Pupils should be given opportunities to:

    • 1. Identify and describe natural and human features, e.g. weather conditions, types of buildings
    • 2. Identify similarities and differences to describe, compare and contrast places and environments
    • 3. Describe the causes and consequences of how places and environments change, e.g. by season; from past to present; the need for sustainability.

    Pupils should be given opportunities to:

    • 1. Observe and ask questions about a place, environment or a geographical issue, e.g. Why does it flood? How and why is our village changing?
    • 2. Measure, collect and record data through carrying out practical investigations and fieldwork, and using secondary sources, e.g. use instruments to measure rainfall, use GIS, design questionnaires
    • 3. Organise and analyse evidence, develop ideas to find answers and draw conclusions, e.g. use a data spreadsheet, compare weather data.

    Pupils should be given opportunities to:

    • 1. Express their own opinions and be aware that people have different points of view about places, environments and geographical issues, e.g. about wind farms, fair trade
    • 2. Make decisions about geographical issues by distinguishing between fact and opinion and considering different arguments, e.g. a traffic problem
    • 3. Communicate findings in a variety of ways, e.g. using geographical terms, annotated photographs, maps, diagrams, or ICT.
    Ask and answer the questions
    • Where is this place/environment? What is it like and why? What is happening and why?
    • How have people affected this place/environment? How can I and other people look after this environment?



    Pupils should be given opportunities to:

    • 1. Search for, access and select relevant scientific information, from a range of sources, including ICT
    • 2. Communicate clearly by speech, writing, drawings, diagrams, charts, tables, bar charts, line graphs, videos, and ICT packages, using relevant scientific vocabulary
    • 3. Use standard measures and S.I. units, e.g. kg, s, N, m.

    Pupils should be given opportunities to carry out different types of enquiry, e.g. pattern-seeking, exploring, classifying and identifying, making things, fair testing, using and applying models, by:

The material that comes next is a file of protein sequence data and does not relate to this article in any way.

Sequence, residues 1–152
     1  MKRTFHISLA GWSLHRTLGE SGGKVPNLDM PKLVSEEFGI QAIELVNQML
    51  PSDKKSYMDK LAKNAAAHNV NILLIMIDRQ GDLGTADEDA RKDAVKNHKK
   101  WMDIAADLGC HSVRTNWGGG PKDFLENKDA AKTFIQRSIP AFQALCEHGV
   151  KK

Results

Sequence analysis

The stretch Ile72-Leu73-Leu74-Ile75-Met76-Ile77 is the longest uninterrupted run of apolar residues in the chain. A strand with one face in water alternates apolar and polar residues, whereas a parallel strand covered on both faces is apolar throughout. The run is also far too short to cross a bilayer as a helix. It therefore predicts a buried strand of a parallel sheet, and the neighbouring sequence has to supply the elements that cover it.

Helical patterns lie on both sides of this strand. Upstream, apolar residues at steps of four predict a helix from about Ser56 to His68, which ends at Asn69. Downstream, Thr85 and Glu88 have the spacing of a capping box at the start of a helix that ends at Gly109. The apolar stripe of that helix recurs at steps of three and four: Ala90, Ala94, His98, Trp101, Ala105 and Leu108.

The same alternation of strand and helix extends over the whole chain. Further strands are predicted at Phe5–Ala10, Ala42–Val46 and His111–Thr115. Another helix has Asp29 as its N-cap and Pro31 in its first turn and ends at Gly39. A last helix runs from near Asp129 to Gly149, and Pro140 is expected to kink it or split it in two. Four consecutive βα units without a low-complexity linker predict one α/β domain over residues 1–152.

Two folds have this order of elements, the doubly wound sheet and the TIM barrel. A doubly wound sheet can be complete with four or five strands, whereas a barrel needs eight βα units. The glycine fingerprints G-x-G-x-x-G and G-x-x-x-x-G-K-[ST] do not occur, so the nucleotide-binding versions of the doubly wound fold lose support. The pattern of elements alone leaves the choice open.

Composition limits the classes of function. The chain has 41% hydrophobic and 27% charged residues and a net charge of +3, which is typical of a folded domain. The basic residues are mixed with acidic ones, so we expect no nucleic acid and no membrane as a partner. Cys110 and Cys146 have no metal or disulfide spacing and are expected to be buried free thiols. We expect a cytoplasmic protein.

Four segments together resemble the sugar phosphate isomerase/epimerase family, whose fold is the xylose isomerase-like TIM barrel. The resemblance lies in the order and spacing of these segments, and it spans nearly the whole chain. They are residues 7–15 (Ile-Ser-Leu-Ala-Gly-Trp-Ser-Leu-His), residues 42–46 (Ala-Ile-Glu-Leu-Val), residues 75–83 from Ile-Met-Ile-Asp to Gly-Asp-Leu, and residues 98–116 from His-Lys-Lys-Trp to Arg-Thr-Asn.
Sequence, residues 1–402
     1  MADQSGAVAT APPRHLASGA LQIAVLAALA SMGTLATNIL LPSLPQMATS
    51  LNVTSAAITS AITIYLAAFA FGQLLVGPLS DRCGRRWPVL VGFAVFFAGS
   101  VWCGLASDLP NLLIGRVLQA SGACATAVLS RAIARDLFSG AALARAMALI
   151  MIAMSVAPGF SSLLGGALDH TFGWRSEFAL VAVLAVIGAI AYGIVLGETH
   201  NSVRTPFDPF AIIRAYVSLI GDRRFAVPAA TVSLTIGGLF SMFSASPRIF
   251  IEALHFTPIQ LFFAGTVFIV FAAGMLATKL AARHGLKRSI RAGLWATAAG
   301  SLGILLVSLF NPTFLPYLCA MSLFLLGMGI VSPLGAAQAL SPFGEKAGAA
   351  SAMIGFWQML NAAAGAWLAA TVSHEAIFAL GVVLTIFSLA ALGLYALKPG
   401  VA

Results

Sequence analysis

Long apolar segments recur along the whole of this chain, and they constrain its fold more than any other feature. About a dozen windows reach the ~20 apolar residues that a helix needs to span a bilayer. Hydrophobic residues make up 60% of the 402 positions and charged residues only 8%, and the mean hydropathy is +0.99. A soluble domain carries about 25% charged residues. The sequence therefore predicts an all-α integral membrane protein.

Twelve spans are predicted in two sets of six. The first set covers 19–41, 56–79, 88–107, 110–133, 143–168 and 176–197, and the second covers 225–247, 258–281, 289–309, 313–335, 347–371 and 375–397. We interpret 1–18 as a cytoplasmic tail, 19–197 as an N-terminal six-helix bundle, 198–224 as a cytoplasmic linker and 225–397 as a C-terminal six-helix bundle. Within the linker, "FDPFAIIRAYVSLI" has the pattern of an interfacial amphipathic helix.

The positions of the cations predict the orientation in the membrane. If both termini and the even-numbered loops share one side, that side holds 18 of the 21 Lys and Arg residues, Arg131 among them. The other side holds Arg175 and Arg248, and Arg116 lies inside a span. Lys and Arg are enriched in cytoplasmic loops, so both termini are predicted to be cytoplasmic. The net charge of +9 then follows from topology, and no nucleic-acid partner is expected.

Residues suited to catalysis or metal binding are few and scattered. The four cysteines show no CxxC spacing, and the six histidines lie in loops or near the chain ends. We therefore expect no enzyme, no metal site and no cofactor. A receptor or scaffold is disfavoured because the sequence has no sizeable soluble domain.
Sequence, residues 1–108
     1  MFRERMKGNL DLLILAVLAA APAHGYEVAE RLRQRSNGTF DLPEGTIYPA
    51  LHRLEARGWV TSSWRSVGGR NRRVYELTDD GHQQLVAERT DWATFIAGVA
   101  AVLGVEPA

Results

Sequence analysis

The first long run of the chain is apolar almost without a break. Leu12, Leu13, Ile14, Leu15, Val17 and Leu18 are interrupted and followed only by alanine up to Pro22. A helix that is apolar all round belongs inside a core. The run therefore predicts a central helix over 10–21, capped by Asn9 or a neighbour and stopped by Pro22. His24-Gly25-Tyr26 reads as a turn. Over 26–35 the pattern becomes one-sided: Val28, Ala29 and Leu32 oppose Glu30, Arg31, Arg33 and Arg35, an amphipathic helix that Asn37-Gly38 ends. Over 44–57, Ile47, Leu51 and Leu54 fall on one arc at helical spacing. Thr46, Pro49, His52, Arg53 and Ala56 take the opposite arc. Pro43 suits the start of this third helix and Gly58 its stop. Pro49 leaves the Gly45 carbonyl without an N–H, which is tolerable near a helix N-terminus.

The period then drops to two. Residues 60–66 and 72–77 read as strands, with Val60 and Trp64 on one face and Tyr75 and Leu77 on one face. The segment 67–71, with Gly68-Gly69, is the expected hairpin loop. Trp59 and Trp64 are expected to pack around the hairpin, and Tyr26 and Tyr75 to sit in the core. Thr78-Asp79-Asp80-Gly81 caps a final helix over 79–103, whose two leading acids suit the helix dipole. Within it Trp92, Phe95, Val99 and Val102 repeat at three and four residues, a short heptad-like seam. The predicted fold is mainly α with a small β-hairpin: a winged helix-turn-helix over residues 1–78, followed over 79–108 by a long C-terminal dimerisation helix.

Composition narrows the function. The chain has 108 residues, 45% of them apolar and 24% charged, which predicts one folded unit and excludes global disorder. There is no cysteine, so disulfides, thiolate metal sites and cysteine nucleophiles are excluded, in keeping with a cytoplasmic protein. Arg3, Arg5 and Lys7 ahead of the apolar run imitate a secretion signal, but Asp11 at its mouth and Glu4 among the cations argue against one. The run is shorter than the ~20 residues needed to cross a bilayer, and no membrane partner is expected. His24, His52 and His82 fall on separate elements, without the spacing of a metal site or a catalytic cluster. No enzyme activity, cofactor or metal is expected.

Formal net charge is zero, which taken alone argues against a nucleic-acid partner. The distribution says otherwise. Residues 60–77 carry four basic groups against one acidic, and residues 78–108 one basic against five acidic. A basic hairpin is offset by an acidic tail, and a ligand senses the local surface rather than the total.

Pupils turn ideas suggested to them, and their own ideas, into a form that can be investigated. They outline the planned approach/method recognising, deciding upon and giving some justification for each of the following when appropriate:

    • 1. The choice of success criteria
    • 2. Predictions using some previous knowledge and understanding
    • 3. Where and how to find relevant information and ideas
    • 5. The observations or measurements that need to be made


    Pupils follow the planned approach/method, revise it where necessary, and where appropriate:

    • 1. Use apparatus and equipment correctly and safely
    • 2. Make careful observations and accurate measurements, using digital and ICT equipment at times
    • 3. Check observations and measurements by repeating them in order to collect reliable data
    • 4. Make comparisons and identify and describe trends or patterns in data and information


    Pupils think about what they have done in order to consolidate learning and transfer skills, knowledge and understanding to other contexts by:

    • 1. Beginning to evaluate outcomes against success criteria
    • 2. Deciding whether the approach/method was successful
    • 5. Describing how they have learned and identifying the ways that worked the best
    • 6. Linking the learning to similar situations, within and outside school.
    Interdependence of organisms

    Pupils should use and develop their skills, knowledge and understanding by investigating how animals and plants are independent yet rely on each other for survival.

    • 4. Through fieldwork, the plants and animals found in two contrasting local environments, e.g. identification, nutrition, life cycles, place in environment
    • 5. The interdependence of living organisms in those two environments and their representation as food chains
    • 7. How humans affect the local environment, e.g. litter, water pollution, noise pollution.
    The sustainable earth

    Pupils should use and develop their skills, knowledge and understanding by comparing the earth with other planets, investigating materials around them and considering the importance of recycling.

    • 4. He properties of materials relating to their uses
    • 5. How some materials are formed or produced
    • 6. A consideration of what waste is and what happens to local waste that can be recycled and that which cannot be recycled.



    Pupils should develop their application and understanding of their mathematical skills using contexts and techniques from across the Range.

    1. Solve mathematical problems

    Pupils should be given opportunities to:

    • Select and use the appropriate mathematics, materials, units of measure and resources to solve problems in a variety of contexts
    • Identify, obtain and process information needed to carry out the work
    • Use flexible and effective methods of computation and recording
    2. Communicate mathematically

    Pupils should be given opportunities to: